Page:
Romney Tries To Reframe Wealth Attacks As "Apologizing For America’s Success At Home"

Obama does it not just abroad, Romney says recycling a frequent campaign line, but at home too.

Jae C. Hong / AP

Mitt Romney addresses supporters at the Franklin Institute in Philadelphia today.

Philadelphia, Pa. — Presumptive Republican nominee Mitt Romney tried to subtly redefine the debate over his wealth in a speech to Tea Party supporters in Philadelphia, attacking President Barack Obama for “apologizing for American’s success at home.”

Romney, who is under pressure from Democrats to release more than the two years of tax returns he has already made public, seized on Obama’s support for the Buffett Rule — a minimum tax on millionaires — to assert that the president is uncomfortable with peoples’ economic success. Specifically — his own.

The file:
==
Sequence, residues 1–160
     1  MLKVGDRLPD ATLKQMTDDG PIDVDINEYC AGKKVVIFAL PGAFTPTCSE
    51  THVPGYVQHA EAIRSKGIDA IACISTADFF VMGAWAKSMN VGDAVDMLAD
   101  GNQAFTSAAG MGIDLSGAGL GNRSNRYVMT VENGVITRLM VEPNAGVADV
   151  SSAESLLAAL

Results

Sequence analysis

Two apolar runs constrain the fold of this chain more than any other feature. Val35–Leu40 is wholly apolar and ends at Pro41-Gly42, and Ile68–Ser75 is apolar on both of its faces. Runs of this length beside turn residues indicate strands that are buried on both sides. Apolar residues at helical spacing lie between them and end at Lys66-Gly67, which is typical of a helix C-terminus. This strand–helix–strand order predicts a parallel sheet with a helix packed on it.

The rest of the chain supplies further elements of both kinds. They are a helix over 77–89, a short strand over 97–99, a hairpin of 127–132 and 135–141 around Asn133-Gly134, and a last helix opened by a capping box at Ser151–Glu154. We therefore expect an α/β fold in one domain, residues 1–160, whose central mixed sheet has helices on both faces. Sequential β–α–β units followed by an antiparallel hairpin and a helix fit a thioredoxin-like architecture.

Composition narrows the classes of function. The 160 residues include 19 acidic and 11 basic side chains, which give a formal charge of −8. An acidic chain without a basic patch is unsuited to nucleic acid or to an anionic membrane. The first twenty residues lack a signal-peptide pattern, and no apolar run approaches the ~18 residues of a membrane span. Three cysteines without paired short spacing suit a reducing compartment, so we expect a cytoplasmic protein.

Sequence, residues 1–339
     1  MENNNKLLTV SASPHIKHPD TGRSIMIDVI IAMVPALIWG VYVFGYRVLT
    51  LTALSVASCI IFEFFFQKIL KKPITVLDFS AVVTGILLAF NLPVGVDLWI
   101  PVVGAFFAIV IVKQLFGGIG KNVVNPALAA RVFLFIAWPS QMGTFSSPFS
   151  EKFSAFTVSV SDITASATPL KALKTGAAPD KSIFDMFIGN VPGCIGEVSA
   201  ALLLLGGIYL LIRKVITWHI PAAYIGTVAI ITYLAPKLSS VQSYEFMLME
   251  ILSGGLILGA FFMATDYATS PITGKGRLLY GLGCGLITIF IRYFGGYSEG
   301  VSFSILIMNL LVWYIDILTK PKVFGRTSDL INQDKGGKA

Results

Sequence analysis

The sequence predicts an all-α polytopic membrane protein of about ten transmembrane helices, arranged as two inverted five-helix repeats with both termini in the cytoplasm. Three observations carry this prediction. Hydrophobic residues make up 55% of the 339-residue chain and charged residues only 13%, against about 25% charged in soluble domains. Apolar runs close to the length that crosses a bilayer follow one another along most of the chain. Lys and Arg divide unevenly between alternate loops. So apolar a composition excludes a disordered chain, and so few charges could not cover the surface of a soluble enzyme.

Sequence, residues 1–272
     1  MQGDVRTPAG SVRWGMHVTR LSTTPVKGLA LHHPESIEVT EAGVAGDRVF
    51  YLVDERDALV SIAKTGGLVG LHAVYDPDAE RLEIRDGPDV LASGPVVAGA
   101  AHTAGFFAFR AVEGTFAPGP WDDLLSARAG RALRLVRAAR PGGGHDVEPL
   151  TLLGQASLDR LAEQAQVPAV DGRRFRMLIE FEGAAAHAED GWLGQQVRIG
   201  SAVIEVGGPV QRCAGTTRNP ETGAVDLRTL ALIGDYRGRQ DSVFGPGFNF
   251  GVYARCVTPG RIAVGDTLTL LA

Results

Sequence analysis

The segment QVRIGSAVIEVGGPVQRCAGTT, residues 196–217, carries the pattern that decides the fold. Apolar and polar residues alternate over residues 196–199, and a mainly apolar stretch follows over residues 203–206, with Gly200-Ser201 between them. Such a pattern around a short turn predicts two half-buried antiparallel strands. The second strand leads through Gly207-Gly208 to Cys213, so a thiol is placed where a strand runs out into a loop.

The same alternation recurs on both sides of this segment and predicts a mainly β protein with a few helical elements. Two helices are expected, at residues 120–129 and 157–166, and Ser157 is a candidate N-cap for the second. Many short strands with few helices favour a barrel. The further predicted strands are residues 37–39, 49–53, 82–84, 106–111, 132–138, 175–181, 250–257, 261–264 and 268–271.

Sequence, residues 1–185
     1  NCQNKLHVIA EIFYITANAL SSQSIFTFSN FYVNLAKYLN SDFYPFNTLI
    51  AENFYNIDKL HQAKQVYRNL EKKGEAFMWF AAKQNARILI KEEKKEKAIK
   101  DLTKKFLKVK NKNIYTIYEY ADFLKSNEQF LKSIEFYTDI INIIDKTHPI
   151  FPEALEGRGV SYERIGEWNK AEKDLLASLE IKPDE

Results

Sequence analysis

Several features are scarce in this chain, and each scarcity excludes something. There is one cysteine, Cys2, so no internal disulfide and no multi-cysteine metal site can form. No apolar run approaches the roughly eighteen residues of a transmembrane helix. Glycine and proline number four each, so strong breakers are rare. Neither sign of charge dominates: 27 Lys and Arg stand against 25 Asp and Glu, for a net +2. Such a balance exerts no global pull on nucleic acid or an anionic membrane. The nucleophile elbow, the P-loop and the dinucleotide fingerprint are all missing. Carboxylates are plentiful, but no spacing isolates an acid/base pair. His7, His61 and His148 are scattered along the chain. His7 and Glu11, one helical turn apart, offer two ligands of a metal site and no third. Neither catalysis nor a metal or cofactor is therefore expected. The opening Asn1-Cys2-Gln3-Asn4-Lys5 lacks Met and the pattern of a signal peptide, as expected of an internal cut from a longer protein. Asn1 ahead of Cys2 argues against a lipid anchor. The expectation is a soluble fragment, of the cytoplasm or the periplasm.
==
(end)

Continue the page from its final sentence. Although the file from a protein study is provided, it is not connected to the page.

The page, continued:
“If I’m so fortunate to become president, I will not apologize for America’s success at home, and I would certainly not apologize for America’s success abroad,” Romney said to cheers from the crowd of several hundred members of the Independence Hall Tea Party Association.

Romney is personally worth as much as $200 million — and pays a lower tax rate than the average American family — and Democrats are trying to turn it into a liability. The former Massachusetts governor is trying to reframe the Democratic attacks as divisive, adding, “we need a president who will not attack fellow Americans — who will bring us together.”

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